by Contributing Writer, Dr. Monica Crooks
This can’t be a novel observation. Surely you’ve heard it before or recognized it yourself: HISTORY is essentially…“His Story:” the version of events from any one given point of observation; usually that of the victor or the one in power, or the one lucky enough to have possession of the microphone. “His story” is told by many people and from many perspectives. History is often written to project a particular agenda or to embody a desired emotional state. Generally, history is only neutral if no one stands to gain from the telling of it. How often is that ever the case?
If one desires raw honesty and a fully comprehensive view, then a broader perspective must be researched…. and research means work…. Time and effort on one’s own part. It is rather apparent that human history is full of horrors, the details of which are likely inappropriate for youthful innocence. Sensitivity is surely required, but then, so is honesty. After all, these days parents subject their kids to R-rated movies and horror films with modern CGI technology that is very realistic…unlike the tin-foil monsters of my own childhood nightmares. Kids today are exposed to video games that are hideous in my personal opinion. So for sensible, responsible adults, I do believe there is a way to convey honesty to children without the most gruesome details, thereby lending a fuller view of our nation’s historical reality. I’ll relate a personal example to illustrate the point.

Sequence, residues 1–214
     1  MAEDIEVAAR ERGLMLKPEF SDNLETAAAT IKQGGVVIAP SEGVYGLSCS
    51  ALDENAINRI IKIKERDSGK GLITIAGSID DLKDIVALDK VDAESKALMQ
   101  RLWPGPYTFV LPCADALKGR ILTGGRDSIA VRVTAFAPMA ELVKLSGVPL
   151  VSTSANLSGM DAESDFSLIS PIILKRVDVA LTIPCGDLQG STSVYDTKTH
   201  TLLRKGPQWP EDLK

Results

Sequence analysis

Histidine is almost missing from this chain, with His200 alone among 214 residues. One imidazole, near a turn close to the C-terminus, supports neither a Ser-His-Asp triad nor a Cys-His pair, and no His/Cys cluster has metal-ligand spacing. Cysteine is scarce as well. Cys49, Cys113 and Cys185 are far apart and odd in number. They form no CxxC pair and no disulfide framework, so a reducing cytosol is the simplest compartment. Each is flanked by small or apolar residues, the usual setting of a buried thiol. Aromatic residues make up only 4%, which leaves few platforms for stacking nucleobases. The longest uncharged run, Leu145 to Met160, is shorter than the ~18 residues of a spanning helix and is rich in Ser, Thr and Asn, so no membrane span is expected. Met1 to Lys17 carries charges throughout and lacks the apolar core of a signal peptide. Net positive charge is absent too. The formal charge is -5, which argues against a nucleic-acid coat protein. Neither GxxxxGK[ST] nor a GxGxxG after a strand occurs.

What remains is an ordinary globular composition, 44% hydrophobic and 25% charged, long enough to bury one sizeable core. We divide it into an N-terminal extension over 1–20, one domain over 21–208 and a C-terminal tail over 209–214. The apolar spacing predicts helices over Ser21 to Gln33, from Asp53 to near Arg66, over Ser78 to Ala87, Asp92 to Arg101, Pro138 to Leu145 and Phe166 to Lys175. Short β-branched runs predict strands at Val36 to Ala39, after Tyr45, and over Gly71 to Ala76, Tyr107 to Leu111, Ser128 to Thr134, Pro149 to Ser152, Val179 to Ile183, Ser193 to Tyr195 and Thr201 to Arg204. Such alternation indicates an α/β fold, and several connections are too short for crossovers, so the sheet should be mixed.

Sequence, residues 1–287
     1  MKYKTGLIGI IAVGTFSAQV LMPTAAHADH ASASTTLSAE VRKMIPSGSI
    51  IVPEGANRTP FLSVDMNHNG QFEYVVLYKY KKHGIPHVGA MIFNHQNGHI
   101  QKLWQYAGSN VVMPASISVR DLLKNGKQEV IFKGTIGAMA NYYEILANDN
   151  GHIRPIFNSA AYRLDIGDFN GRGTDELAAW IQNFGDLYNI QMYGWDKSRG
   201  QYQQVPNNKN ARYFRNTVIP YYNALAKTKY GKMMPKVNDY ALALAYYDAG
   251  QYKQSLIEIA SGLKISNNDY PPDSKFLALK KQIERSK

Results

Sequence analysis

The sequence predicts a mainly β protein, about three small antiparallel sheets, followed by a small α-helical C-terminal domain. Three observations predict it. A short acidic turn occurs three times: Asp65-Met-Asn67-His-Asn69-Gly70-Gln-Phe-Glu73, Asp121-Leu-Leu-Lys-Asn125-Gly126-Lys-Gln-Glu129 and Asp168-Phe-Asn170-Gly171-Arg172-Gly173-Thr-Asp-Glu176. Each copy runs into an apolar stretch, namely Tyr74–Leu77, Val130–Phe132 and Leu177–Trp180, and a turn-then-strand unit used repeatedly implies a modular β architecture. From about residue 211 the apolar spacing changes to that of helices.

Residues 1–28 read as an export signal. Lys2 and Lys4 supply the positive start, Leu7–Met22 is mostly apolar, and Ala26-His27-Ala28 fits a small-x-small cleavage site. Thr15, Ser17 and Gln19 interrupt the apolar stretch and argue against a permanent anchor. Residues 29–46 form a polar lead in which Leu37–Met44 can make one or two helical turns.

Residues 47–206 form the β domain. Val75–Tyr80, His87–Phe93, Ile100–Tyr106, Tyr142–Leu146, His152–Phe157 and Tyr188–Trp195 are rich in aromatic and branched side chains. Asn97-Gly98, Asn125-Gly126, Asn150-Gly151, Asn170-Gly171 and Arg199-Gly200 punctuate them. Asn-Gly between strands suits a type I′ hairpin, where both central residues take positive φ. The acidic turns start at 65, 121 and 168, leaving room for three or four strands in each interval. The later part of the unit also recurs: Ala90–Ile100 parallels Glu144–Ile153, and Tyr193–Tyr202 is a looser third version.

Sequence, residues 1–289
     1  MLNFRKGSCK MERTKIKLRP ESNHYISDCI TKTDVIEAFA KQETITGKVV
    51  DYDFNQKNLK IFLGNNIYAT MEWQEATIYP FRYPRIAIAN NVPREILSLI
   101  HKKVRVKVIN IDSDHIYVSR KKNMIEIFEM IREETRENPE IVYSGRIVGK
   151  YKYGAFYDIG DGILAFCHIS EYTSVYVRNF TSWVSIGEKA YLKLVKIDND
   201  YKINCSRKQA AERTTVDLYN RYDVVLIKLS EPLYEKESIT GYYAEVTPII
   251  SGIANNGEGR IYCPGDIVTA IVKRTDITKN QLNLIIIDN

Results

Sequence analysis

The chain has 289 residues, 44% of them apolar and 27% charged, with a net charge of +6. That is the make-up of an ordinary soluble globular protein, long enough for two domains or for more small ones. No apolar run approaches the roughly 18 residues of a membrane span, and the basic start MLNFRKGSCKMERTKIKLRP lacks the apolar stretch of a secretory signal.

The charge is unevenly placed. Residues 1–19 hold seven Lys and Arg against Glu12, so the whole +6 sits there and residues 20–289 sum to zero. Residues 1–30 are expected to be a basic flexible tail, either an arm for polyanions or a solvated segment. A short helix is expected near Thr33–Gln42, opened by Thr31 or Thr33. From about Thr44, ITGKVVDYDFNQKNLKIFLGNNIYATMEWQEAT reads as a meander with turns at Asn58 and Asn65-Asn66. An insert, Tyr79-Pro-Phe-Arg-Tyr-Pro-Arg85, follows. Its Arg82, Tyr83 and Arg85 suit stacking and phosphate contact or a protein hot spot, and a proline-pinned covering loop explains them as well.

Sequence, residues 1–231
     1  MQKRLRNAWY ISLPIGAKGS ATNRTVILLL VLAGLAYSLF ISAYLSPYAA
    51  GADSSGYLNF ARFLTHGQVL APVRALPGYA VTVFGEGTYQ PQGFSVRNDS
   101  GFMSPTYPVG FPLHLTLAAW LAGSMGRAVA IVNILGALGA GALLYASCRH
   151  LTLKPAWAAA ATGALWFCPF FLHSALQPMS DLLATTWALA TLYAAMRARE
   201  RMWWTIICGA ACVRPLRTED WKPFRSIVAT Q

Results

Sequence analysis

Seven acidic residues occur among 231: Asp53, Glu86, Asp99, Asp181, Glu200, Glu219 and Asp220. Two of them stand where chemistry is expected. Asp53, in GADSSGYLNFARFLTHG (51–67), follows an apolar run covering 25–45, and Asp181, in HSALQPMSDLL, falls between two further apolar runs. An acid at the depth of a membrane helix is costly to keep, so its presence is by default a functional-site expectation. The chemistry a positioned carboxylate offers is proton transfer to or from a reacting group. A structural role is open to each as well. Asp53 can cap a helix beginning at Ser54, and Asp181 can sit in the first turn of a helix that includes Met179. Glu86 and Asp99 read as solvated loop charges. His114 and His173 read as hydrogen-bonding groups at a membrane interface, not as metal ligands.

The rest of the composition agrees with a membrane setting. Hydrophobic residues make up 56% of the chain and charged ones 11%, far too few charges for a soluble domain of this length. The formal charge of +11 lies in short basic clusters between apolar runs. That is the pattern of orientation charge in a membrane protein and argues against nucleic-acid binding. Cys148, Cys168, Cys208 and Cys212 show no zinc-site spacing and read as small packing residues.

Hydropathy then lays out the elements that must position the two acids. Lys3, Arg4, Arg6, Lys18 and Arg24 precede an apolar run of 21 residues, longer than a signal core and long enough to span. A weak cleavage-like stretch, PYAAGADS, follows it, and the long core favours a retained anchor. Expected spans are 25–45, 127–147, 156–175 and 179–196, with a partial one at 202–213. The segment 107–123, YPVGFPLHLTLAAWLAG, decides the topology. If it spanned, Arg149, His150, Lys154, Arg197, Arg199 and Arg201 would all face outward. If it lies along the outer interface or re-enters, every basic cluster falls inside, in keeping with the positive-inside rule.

I recall in 6th grade one question on our history test was: Who discovered America? At age 10, I distinctly remember writing on my test paper with a measure of annoyance: “I realize the answer you expect for this question is, Columbus, but that is not entirely true because what he discovered was a continent that had already been discovered and was inhabited by millions of other people. Perhaps you might write the question differently?” Kids are oft-times much smarter than they are given credit for. By 10 years of age I already knew the perspective of the Native American, the African American, as well as the European American and that knowledge, did no damage to my cerebral cortex. Nor did it make me hate my country, or hate white people. Actually, at that point in time, our nation was in the middle of the Civil Rights Movement. I was quite literally living history.
Kids can handle more of the truth than we present to them. They can especially handle it if they know the horrors of the past in context with the righteous efforts our citizenry continually makes toward the idealized goal of justice and equality. Life is never perfect, but the pursuit of perfection is always a noble endeavor.
Dr. Monica Crooks, DDS